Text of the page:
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Vol. XII.

CONTENTS FOR AUGUST, 1884.

No. 2.

PAGE

$1,000,000 00

702,988 30 140,706 97

715,664 89 82,669,299 16 .

Total Assets, January 1, 1883,
Cash Capital,
Reserve for Re-Insura
Reserve for all other Lis
Net Surplus, .

Portrait of Horatio Seymour. . . . . . . . ... Frontispiece.
The Story of a Monument.

. , S. W. D. NORTH. 97 ILLUSTRATIONS.—The Monument-Portrait of Nicholas Herkimer-Bas-relief representing General Herkimer sitting on his saddle directing the battle-Bas-reliei, an Ideal Scene-General Herkimer's

House, Danube.
Did the Romans Colonize America ? I. Problems and Factors. M. V. Moore. 113
Lee's Campaign against Pope in 1862. ... . . Prof. W. ALLAN. 126

ILLUSTRATIONS,-Map of the North-Eastern Portion of Virginia--Map showing route of the Armies
between Washington and Spottsylvania Court House-Map showing roads between Centreville and

Manassas Junction.
Charles Fenno Hoffman. .

. . WM. L. KEESE. 148
ILLUSTRATION— Portrait of Hoffman.
Sunnyside and Washington Irving. . . . . HENRY W. HULBERT. 153

-- ILLUSTRATIONS.-Sunnyside-Portrait of Irving.
Original Documents. Sir Henry Clinton's Original Secret Record of Private Daily In.

telligence. Contributed by Dr. Thomas Addis Emmet. Introduction and Notes hy
Edward F. De Lancey. Chapter XI. Conclusion. With Clinton Arms. (Begun in Oc-
tober, 1883). Valuable Original Letters. Alexander Hamilton to John Jay-Alexander
Hamilton to Elbridge Gerry-Samuel Adams to Elbridge Gerry-Aaron Burr to Elbridge
Gerry.

162 Notes. The Past and the Present. Burgoyne's Orderly Book-André's Prison at Tappan, Literature and History. . . . . . . .

. . . ., Queries. The First English Tavern-Keeper in the Province of New York-The Telescope of Washington, taken from Kings College- The Two Livingston Signers. i . .

181 Replies.-Nine Partners-Blue Hen's Chickens-The Leaden Plate- Burr, Hamilton and

James Monroe—The Monroe Letter-Correction—The First Piece of Artillery-An
Army 'Duel. . . . . . . . . . . .

. . . .
Societies. Rhode Island Historical Society-Cincinnati Society, New York—The New

Jersey Cincinnati Society-List of Historical Societies in the United States—Contem

plated Historical Association-Numismatic and Antiquarian Society of Philadelphia.
Book Notices. Prose Writings of William Cullen Bryant, by Godwin-History of the

First Church in Hartford, by WalkerAnnual Report of the Presbyterian Historical
Society-Memoir of George Barrell Emerson, LL.D., by Waterston-On History and
the Study of History, by Atkinson-Myths of the Iroquois, by Mrs. Smith-Three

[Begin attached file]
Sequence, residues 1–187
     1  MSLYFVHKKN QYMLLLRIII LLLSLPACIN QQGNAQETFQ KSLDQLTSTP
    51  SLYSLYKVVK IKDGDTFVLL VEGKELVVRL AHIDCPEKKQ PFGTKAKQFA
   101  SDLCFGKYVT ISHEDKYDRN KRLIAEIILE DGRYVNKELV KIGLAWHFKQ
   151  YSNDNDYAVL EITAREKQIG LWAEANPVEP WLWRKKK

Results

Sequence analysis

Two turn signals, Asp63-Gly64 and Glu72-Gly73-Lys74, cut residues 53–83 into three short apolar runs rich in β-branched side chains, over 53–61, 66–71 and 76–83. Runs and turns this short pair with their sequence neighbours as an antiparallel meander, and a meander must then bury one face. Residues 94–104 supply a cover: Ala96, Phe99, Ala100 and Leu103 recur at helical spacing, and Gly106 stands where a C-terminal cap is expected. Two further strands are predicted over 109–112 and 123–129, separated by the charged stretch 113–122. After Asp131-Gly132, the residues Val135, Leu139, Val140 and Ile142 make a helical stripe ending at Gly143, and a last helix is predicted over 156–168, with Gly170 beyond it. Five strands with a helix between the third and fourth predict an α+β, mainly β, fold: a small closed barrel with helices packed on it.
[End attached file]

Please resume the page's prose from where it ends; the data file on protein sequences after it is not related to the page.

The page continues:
Villages, by Howells-Bound Together, by Mitchell - There was once a Man, by
Orpheus C. Kerr— The Discoveries of America to the year 1525, by Weise-A Palace
Prison-Catholic, by Monsigneur Capel. . .

. . .

. . . 189 Advertisements-Books, Schools, etc., I to 8- Periodicals and Miscellaneous, 9 to 18.

182

HANOVER FIRE INSURANCE COMPANY, er verdens maintien,

181 Broadway, New York.

BINDING THE MAGAZINE OF AMERICAN HISTORY.-We can furnish Covers for Binding in dark green levant cloth, for 50 cents; sent by mail, post-paid. Back numbers exchanged, if in good condition, for bound volume in cloth (as above), $1.00; in half Turkey Morocco for $2.00—subscribers paying charges both ways.

TERMS:-$5.00 a year, in advance; 50 cents a number. Postmasters receive subscriptions.

TRÜBNER & CO.,

57 & 59 Ludgate Hill,

LONDON, ENGLAND:

Communications should be addressed to .
The MAGAZINE Of American HISTORY,

30 Lafayette Place, New York City,

Entered at New York Post Office as Second Class matter.

Copyright, 1884, by Historical Publication Co:

FIRE Loss
Pald in U.S.

LIVERPOOL & LONDON & GLOBE INSURANCE CO. Per det?

$32,500,000.

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ANNOUNCEMENT OF THE FORTNIGHTLY

INDEX.
AN INDEPENDENT JOURNAL OF LIBERAL EDUCATION.

A plan has long been in contemplation to establish at Ann Arbor, the seat of the University
of Michigan, a journal of high character, that should reflect the maturest thought on educational,
literary, scientific, artistic, political and historical questions of current interest. The presence
and the influence of this great center of learning seemed to afford unusual facilities for carrying
forward such an enterprise; and it was felt that an institution of so great influence in moulding
the education of the West should have some recognized medium of communication with the
leading teachers and scholars of the country. Through a series of steps not necessary here to
describe, the fortnightly INDEX, now about to enter upon its third year, finds itself in a position
to undertake the mission just indicated; and the attention of the educational public is invited
to the announcement we now have to make.

By an arrangement recently completed with Professors Alexander Winchell, Charles K.
Adams and William H. Payne, of the University of Michigan, these gentlemen have been added
to the editorial staff of the INDEX; and the paper will be conducted hereafter in accordance
with the following general plan:

I.-ALEXANDER WINCHELL, LL.D., Professor of Geology and Palæontology, will take in
charge the department of Science and Arts, and by way of editorials, notes and leading articles
will present regularly a careful digest of whatever is most valuable in these important domains